The Museum’s revenue comes from many sources, from rent and public events to gift shop, biergarten, and a small endowment. Most importantly, we receive support from the public in the form of grants and donations.

To learn more about how you can support the museum, visit our support page.

The Museum’s annual budget is a little under $1M.

The Heurich House Museum is owned and operated by the Heurich House Foundation, a private non-profit 501(c)(3) organization. Jan Evans and Gary Heurich, grandchildren of Christian and Amelia Heurich, were integral to forming the foundation in 2003, but they do not own the museum.

The Museum spaces (all areas behind stanchions and any objects throughout the house) are cleaned on a monthly basis by the Museum’s Collections Manager. She uses special HEPA vacuums, brushes, and microfiber cloths to clean the upholsteries, gilded furnishings, and delicate porcelains throughout the house.

The Museum has a long-time professional cleaner who we trust to clean public spaces in the Museum on a weekly basis, including bathrooms and main traffic areas.

The museum is very grateful for the continued support of many descendants of the Heurich family, including Jan Evans, who was responsible for saving the house in 2003. Other Heurich family members remain involved with the museum by loaning and gifting family artifacts to the Museum’s collection, and serving as members of the museum’s Board of Trustees.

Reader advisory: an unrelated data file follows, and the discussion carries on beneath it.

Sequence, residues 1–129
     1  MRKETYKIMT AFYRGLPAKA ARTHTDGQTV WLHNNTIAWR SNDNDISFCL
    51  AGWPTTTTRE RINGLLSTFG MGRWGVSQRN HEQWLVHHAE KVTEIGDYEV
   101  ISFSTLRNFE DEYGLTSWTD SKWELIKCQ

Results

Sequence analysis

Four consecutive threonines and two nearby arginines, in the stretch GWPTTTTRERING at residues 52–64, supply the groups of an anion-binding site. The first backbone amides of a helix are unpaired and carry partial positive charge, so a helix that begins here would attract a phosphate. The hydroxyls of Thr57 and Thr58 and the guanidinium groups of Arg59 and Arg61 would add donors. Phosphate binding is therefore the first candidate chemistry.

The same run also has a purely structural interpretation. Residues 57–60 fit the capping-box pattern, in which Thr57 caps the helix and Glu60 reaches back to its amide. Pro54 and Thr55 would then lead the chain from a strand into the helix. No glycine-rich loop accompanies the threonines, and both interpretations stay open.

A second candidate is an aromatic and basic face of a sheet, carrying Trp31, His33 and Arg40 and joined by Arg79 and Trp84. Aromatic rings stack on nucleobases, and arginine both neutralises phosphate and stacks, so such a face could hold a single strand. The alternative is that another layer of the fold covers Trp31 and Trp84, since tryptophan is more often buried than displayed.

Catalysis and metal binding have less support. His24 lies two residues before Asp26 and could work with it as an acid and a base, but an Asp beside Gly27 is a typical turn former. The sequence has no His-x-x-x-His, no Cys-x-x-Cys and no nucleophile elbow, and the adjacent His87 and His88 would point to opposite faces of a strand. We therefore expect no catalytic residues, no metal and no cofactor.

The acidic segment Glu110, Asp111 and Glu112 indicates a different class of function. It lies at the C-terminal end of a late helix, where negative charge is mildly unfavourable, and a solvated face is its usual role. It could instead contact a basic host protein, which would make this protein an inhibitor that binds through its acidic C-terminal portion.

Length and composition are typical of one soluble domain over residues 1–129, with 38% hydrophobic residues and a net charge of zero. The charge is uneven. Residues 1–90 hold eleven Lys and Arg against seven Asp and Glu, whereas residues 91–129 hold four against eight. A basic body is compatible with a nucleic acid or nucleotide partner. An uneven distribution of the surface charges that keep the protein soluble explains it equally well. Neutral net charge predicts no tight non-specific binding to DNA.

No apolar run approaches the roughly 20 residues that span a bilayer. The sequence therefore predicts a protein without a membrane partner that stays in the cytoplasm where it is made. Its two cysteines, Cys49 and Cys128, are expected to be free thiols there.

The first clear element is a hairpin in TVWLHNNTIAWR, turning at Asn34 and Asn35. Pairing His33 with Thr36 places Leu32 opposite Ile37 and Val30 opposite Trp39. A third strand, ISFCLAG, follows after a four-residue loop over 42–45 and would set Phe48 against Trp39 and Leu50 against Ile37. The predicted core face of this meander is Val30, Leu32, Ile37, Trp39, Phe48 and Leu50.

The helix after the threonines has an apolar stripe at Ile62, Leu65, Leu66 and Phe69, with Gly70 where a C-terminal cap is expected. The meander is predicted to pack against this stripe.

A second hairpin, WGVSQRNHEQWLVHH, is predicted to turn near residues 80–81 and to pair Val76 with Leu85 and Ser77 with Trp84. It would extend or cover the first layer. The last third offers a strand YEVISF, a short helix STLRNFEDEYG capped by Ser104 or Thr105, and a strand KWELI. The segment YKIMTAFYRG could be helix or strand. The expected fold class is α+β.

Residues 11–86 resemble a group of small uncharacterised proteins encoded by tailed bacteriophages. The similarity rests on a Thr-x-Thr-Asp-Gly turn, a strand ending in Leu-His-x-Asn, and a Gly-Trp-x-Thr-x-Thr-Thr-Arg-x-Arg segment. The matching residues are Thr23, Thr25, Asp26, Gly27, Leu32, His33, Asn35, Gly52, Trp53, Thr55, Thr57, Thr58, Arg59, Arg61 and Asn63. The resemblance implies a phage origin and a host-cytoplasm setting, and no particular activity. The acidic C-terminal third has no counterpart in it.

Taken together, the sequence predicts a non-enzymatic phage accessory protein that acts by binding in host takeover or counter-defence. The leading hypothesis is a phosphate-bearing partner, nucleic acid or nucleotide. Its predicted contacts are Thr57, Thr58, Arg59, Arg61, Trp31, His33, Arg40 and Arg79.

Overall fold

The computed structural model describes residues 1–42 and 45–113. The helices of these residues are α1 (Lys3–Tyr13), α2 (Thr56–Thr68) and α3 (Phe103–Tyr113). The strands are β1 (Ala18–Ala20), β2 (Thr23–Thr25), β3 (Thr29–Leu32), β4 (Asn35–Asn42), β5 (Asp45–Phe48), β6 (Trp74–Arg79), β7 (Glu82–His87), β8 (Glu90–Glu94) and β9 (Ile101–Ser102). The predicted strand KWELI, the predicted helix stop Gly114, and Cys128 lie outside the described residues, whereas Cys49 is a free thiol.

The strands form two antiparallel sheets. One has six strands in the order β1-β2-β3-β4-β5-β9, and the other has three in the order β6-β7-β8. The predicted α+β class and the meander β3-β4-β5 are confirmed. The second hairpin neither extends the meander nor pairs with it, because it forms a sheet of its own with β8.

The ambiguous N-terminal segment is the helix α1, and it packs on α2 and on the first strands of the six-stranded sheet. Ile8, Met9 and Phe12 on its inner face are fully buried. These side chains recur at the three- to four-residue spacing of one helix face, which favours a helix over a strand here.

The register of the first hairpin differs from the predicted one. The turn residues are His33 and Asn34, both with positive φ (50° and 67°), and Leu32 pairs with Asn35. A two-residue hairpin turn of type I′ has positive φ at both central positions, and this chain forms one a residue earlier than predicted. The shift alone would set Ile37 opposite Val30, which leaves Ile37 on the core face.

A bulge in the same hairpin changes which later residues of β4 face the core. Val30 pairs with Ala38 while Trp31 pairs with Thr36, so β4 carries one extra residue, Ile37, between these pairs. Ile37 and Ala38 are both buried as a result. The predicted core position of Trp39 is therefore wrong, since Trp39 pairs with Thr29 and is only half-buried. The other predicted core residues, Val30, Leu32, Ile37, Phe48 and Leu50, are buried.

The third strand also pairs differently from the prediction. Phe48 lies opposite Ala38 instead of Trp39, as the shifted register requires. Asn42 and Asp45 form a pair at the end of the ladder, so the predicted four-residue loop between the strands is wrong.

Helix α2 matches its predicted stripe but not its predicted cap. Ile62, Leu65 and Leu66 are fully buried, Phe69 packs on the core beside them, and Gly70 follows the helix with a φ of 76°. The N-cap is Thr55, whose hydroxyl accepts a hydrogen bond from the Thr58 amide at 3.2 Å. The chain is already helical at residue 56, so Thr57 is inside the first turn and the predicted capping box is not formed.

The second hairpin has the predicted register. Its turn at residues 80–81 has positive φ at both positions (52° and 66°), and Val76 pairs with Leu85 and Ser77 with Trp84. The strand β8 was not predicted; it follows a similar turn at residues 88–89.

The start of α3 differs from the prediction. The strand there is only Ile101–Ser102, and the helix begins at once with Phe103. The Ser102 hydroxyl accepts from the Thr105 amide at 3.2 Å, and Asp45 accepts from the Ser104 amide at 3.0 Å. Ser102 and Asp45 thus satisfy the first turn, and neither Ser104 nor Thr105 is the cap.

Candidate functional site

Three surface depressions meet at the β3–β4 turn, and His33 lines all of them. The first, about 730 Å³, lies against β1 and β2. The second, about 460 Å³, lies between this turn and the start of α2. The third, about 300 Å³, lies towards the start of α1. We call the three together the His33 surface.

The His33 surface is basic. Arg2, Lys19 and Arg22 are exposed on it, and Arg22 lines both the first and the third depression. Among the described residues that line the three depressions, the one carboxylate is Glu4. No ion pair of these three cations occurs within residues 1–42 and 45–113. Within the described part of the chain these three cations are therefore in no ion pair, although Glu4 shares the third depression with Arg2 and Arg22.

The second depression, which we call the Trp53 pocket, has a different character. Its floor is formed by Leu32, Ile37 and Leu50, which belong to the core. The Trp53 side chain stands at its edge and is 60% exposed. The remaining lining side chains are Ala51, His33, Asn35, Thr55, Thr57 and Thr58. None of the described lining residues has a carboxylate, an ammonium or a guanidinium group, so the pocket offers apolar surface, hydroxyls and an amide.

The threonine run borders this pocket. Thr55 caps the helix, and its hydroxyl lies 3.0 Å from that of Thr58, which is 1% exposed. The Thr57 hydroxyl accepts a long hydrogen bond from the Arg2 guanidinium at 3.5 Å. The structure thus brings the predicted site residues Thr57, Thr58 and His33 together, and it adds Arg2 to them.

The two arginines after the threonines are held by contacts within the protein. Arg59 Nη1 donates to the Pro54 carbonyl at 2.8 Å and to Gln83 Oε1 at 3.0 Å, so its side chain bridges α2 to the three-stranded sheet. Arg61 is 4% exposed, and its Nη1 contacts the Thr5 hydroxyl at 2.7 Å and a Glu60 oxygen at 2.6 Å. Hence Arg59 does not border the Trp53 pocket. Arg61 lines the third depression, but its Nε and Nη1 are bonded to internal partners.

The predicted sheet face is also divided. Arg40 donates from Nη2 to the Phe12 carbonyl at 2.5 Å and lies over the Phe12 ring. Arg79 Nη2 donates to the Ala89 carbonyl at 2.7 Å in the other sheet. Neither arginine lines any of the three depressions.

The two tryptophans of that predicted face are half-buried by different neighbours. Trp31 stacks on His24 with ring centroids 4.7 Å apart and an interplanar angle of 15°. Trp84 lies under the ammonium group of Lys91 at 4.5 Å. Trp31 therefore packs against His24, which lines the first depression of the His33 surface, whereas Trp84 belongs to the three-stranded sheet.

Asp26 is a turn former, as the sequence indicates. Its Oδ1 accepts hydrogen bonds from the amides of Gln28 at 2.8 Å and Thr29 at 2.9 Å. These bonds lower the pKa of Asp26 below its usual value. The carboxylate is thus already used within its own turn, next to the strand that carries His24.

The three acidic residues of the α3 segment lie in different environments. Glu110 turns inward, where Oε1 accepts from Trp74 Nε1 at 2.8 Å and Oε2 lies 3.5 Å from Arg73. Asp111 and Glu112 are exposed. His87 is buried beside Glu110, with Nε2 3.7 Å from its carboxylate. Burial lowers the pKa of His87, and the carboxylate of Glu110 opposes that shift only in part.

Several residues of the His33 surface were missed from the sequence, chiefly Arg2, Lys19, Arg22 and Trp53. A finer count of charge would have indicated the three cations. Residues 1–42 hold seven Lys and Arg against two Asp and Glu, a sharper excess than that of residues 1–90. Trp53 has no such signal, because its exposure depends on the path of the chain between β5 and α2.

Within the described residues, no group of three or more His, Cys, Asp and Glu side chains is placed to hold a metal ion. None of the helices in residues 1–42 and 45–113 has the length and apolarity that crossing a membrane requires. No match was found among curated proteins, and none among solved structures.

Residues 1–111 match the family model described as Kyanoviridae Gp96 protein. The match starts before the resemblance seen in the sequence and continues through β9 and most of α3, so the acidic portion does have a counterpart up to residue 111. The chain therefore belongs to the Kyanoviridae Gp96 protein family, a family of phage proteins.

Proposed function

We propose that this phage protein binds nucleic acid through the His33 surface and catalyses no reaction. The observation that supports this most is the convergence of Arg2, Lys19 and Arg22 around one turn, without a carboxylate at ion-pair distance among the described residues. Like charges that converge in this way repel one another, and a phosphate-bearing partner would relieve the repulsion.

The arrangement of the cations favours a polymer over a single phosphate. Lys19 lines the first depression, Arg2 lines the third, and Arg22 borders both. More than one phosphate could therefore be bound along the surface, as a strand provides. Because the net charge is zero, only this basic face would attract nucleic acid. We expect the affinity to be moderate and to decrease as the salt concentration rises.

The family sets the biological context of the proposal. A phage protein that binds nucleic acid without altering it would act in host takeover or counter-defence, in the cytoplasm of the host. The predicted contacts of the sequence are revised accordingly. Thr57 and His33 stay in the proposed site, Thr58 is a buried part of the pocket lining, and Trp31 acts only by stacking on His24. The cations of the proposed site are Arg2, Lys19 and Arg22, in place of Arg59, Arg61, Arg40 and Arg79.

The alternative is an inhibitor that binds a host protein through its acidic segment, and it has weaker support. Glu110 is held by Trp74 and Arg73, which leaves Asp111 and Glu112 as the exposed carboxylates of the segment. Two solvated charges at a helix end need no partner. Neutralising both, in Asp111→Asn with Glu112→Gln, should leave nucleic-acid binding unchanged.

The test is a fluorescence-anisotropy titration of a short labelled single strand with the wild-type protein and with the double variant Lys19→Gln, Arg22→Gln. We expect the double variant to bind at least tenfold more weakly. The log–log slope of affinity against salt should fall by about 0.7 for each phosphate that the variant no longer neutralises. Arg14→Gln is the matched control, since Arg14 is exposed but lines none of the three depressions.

The house never served as a brewery. Heurich’s first brewery was located on 20th between M St and N St NW and his second was located at the current site of the Kennedy Center.

You can learn more about our historic beer revivals here.

We sometimes make the decision not to restore something to its original condition so people can see how it aged or how the layers of history work in a place (of course, we only do this if it won’t cause further damage). Sometimes we have made decisions against restoration when we think there is an educational reason for leaving something in its current condition. For example, the ceiling mural in the boudoir was partially removed after a leak damaged the ceiling several years ago - we have chosen not to replace the canvas because it shows visitors the house’s steel and concrete construction and the story of how the water leak occurred also helps visitors understand the home’s balconies and gutter system. The Museum recently developed a master preservation plan with Quinn Evans Architects that identifies our most pressing conservation needs and will help us to raise money for those projects.

We don’t talk about that when we are on the property!